Questions about shunt resistor choosing

Hi Colin,
I am trying to do power analysis on my target, which works on 3.3v. Without resistor, the average current while running is about 140mA.

I used a 10Ohm resistor as a shunt resistor with 5V power supply. I connected the shunt resistor between 5V
and target VCC pin, and measure the voltage change between VCC PIN and GND. (decoupling caps have been removed). However oscilloscope did not give a reasonable power consumption line.

Is there any thing wrong in my setup? Any guidance on shunt resistor choosing?

Thank you very much for any help!

Colin has much more experience here than me, but my first though is why use a 5V supply? I understand that with a 10 ohm shunt the target will get ~3.6V on average, but it will get a much higher voltage when its current draw is lower.

Why not stay with 3.3V and use a much smaller shunt resistor?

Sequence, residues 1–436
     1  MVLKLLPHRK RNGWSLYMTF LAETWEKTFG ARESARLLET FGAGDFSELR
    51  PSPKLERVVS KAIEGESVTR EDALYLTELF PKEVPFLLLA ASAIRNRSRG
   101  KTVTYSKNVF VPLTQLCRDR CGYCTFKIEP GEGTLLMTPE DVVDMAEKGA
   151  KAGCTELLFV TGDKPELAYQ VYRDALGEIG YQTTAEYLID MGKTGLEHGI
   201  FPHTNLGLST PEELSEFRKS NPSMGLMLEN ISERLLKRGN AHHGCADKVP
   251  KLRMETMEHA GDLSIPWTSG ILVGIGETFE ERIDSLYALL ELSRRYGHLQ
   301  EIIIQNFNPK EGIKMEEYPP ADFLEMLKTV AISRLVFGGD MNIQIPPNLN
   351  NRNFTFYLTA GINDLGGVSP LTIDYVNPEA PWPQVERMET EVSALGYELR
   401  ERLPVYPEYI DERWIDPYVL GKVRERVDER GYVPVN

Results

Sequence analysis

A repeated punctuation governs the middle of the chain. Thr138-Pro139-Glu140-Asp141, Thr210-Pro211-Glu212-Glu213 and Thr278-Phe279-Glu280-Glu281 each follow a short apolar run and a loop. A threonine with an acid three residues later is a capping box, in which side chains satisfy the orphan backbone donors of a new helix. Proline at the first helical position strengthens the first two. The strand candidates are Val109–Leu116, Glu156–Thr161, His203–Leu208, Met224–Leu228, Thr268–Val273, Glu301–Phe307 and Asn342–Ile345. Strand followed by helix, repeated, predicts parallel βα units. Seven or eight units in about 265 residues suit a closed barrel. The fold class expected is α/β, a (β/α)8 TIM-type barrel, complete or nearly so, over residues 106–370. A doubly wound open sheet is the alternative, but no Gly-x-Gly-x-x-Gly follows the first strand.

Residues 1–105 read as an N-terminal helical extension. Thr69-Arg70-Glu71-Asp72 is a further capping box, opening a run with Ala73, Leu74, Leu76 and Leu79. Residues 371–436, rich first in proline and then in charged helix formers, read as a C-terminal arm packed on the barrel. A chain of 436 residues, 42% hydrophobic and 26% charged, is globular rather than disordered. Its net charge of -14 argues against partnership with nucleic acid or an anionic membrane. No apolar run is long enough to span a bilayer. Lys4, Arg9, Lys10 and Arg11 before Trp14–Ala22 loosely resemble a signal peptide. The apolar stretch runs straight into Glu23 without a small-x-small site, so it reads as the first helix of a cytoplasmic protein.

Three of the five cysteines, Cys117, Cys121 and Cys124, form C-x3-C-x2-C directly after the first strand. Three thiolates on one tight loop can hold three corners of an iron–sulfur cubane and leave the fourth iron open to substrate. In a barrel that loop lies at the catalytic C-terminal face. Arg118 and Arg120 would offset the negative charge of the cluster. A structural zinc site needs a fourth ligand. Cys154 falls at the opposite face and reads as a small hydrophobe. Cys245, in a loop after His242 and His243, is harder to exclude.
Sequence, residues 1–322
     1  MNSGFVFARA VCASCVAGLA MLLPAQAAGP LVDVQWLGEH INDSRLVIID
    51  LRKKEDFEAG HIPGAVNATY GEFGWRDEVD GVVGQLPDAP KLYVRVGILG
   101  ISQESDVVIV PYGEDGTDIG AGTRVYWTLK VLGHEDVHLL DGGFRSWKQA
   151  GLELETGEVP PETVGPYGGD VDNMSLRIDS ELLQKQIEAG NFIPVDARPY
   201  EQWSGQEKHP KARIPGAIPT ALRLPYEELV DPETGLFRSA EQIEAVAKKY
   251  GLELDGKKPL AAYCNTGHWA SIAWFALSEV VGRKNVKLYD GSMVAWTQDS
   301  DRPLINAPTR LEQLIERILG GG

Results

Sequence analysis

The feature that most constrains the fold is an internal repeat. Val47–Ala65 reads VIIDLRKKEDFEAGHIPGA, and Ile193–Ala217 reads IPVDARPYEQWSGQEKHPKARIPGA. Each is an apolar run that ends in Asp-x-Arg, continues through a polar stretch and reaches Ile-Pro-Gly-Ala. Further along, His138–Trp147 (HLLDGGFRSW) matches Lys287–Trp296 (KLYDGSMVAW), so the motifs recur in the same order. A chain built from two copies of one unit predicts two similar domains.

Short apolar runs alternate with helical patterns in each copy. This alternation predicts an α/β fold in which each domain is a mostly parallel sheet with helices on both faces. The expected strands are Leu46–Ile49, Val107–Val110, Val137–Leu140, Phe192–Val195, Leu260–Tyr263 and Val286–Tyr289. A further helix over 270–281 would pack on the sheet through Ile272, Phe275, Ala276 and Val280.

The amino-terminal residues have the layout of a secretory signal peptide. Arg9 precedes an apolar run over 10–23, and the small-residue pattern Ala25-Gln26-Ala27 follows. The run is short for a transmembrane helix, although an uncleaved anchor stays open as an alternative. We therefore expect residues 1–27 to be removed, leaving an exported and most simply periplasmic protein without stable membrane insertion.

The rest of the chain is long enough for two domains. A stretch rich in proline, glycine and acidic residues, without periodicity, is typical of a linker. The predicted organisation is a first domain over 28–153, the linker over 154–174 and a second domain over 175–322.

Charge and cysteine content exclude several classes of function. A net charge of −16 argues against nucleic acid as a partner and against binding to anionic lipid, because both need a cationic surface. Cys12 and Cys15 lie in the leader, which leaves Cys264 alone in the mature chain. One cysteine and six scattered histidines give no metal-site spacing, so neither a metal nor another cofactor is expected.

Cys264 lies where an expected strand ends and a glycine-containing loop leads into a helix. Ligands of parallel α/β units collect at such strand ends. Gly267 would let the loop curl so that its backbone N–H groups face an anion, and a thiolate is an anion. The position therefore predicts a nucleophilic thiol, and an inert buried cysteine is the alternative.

Thanks for the advice. I tried a smaller shunt resistor (1 Ohm). and then I could stay at 3.3v to drive my target.
However I still could not get a reasonable power trace from this setup, even I remove most of the decoupling cap of power source. Could you help me more on this?

Do you have a good trigger? It’s hard to say more based on what you’re reporting. What do you mean by “reasonable power trace”?

I haven’t got a trigger right now. What I am doing is starting the scope, connecting power to my target and watching power traces.
by “reasonable power trace”, I mean with the shunt resister, the power traces did not show a big difference against to measuring the power source only, It just looks like random noise, without any clues of power consumption.
I also connected my target to chipwhisperer, it showed almost the ripple wave of power source, no obvious consumption peak found.

Hi, of course there’s more than one way to do this but it can be harder to know what you’re looking at, or find what you’re looking for, without a trigger. What’s your target? Noise will always be present to some degree.
If you have a trigger and can capture the same identical operation many times, then you can average those traces to average out the noise and better see what you’re interested in.